Earlier this afternoon I had a chat with Irish Classical Theatre Company co-founder and artistic director Vincent O'Neill for an upcoming column about the theater's tight-knit group of volunteers and board members. During our conversation, O'Neill talked about the need for theater companies such as his constantly reinvent themselves and to produce new ideas for fundraising, artistic collaboration and other necessary survival strategies.
It's tempting to think of companies like ICTC, which have been around for decades, as able to coast on the reputation and goodwill they've built up through hundreds of productions and years of audience-building. But the reality is much trickier.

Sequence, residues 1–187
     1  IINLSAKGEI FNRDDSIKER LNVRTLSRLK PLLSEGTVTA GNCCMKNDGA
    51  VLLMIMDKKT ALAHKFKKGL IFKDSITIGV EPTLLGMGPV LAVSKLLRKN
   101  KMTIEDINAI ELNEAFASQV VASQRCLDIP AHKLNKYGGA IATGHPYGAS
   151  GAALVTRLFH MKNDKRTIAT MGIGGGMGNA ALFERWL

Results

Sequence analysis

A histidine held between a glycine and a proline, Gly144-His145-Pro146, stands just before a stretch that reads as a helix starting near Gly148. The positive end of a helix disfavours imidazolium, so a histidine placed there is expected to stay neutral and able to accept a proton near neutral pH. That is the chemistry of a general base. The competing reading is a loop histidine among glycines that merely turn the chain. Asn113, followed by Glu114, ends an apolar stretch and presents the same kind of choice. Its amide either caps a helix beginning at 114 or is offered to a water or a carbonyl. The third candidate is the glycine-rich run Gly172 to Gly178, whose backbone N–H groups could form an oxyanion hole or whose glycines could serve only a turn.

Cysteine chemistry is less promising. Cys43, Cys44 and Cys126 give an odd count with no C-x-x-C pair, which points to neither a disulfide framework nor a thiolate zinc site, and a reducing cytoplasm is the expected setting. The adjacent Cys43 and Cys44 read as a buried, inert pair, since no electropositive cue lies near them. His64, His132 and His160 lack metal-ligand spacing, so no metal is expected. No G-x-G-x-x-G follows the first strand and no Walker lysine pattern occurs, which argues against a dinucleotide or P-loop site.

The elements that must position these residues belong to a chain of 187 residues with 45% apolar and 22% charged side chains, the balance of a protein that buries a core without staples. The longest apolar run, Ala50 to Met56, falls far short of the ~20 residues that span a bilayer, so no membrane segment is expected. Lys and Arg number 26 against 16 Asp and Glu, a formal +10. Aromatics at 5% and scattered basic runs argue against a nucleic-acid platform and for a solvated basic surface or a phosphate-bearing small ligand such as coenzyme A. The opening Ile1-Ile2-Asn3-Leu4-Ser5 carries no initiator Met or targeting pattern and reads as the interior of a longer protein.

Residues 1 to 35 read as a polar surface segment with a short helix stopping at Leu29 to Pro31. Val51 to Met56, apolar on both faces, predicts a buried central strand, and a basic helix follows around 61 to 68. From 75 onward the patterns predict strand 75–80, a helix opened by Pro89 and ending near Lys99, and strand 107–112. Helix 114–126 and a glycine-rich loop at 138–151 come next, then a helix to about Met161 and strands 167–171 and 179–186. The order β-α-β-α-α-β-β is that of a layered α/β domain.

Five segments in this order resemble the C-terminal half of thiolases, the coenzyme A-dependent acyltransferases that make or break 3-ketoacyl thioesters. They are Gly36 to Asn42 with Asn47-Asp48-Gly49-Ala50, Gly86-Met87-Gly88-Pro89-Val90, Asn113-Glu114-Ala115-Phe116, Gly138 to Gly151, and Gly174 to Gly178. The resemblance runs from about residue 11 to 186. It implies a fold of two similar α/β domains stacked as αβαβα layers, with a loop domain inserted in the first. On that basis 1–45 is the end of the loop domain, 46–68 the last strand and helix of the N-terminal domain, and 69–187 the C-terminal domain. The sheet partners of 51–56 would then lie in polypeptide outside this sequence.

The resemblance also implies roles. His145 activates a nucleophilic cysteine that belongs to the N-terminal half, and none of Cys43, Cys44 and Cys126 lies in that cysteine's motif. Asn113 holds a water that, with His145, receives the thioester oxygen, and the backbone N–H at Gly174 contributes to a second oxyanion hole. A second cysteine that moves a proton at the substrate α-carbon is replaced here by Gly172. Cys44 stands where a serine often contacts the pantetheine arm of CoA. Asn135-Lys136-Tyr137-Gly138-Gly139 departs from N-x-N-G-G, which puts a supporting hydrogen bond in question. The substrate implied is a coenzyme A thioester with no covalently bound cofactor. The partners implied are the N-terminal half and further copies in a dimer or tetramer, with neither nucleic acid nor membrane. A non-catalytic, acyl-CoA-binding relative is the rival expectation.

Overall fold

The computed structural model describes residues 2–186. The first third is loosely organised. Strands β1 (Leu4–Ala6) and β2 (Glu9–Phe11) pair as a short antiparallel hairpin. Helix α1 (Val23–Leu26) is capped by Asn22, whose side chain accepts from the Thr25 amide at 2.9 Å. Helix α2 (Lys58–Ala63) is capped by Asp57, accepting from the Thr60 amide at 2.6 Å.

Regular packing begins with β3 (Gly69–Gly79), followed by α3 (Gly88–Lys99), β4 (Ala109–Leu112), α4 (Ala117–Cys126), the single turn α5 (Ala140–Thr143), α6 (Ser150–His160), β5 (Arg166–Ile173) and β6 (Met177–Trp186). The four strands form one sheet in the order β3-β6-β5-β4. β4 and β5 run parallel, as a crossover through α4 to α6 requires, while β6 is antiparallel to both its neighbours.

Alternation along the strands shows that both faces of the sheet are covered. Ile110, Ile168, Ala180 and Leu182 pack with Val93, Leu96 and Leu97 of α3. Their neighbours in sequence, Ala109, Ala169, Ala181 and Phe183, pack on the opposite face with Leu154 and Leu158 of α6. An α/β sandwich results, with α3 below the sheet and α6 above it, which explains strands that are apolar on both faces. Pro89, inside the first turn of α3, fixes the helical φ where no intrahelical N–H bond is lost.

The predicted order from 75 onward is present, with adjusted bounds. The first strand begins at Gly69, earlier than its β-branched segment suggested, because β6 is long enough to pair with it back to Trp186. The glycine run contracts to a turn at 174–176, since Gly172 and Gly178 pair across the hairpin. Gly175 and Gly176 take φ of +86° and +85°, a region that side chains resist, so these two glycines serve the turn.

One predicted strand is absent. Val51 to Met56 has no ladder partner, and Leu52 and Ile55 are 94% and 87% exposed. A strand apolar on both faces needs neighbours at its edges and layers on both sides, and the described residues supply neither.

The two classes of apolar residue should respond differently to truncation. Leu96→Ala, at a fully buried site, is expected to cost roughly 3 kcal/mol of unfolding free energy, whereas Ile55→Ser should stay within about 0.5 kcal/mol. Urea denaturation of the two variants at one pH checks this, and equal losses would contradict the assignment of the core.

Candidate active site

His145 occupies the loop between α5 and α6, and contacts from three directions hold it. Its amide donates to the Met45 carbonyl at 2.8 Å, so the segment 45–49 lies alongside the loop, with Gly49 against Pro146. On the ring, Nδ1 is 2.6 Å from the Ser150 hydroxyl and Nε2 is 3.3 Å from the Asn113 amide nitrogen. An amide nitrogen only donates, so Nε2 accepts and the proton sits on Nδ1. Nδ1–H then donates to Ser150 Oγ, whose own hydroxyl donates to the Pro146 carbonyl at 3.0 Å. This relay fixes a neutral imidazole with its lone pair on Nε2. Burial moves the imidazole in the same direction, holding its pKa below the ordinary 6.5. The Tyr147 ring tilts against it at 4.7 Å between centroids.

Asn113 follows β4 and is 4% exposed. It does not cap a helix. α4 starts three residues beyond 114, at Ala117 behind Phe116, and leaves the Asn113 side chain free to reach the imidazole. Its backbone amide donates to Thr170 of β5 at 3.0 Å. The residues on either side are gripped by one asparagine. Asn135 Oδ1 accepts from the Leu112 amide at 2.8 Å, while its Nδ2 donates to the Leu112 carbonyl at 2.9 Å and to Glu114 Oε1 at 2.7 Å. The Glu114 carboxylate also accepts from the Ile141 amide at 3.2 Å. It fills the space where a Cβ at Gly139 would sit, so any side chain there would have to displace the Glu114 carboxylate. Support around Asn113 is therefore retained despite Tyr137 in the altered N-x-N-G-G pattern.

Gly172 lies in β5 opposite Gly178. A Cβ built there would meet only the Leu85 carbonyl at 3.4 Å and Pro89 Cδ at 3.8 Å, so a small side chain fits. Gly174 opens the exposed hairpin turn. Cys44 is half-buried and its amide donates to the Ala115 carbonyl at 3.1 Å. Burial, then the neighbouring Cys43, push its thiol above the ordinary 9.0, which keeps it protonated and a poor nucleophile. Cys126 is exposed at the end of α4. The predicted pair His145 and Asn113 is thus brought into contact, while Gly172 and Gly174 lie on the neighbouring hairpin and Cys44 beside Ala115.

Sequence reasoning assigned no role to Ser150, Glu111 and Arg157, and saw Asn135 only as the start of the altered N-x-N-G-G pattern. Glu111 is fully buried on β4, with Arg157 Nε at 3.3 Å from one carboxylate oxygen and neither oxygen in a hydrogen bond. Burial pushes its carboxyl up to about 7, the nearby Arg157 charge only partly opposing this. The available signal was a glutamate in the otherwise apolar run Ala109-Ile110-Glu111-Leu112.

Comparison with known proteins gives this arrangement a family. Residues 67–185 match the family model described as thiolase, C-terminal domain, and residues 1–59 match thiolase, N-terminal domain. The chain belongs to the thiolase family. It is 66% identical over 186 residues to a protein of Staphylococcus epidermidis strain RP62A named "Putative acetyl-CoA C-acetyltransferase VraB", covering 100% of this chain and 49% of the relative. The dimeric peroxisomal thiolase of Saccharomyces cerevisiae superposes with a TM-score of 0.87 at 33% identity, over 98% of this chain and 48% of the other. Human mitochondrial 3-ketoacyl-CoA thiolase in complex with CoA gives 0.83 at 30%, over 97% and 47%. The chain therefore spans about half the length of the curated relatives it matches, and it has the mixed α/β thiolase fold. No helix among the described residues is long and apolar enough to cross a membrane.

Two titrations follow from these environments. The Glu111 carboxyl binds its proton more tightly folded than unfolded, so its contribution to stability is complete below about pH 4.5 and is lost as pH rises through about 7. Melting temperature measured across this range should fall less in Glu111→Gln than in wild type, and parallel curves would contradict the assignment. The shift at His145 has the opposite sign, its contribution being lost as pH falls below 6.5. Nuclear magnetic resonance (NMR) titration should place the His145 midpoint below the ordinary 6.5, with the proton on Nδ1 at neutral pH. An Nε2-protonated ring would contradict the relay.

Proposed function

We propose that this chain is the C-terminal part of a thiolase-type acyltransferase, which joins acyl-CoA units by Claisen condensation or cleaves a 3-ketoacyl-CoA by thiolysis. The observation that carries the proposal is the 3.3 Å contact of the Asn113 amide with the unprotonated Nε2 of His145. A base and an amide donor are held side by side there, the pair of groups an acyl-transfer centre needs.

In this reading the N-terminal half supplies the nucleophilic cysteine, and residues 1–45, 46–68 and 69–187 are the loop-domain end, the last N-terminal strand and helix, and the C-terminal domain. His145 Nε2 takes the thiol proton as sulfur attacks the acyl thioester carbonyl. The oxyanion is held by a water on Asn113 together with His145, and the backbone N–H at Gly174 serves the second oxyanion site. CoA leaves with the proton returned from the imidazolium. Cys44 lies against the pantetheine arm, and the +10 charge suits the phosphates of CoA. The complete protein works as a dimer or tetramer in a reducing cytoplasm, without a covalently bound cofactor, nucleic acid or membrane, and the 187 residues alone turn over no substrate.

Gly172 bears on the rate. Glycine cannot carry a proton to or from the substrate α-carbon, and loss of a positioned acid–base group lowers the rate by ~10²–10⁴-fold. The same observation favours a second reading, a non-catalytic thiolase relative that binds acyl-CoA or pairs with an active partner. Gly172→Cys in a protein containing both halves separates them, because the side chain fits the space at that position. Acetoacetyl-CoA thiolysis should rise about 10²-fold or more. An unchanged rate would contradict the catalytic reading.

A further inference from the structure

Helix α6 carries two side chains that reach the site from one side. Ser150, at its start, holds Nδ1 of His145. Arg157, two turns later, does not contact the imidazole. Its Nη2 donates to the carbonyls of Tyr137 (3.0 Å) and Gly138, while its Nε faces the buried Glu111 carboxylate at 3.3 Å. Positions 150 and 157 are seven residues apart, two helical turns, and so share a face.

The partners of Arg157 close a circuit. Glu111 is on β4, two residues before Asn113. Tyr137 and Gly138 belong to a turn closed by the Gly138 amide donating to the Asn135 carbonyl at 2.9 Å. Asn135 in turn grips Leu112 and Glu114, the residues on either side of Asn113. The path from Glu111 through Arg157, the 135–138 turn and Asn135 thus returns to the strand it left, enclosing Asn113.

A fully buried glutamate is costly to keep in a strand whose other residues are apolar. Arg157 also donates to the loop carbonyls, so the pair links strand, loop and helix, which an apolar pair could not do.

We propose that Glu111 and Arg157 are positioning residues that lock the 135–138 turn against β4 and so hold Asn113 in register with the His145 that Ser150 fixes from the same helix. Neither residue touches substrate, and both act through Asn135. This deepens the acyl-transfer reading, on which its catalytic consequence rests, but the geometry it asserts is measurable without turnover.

Here's what O'Neill had to say:
The problem is that if you sit on your hands, you’re dead... Every year there’s going to be something new, whether it’s the international playwriting competition or it’s the Irish tour or this that or the other, you’ve got to keep reinventing. And if you don’t, you just die. It’s just the nature of the business. You’re never there. You’re never established. You’re never comfortable and if we slack off at all, we immediately suffer.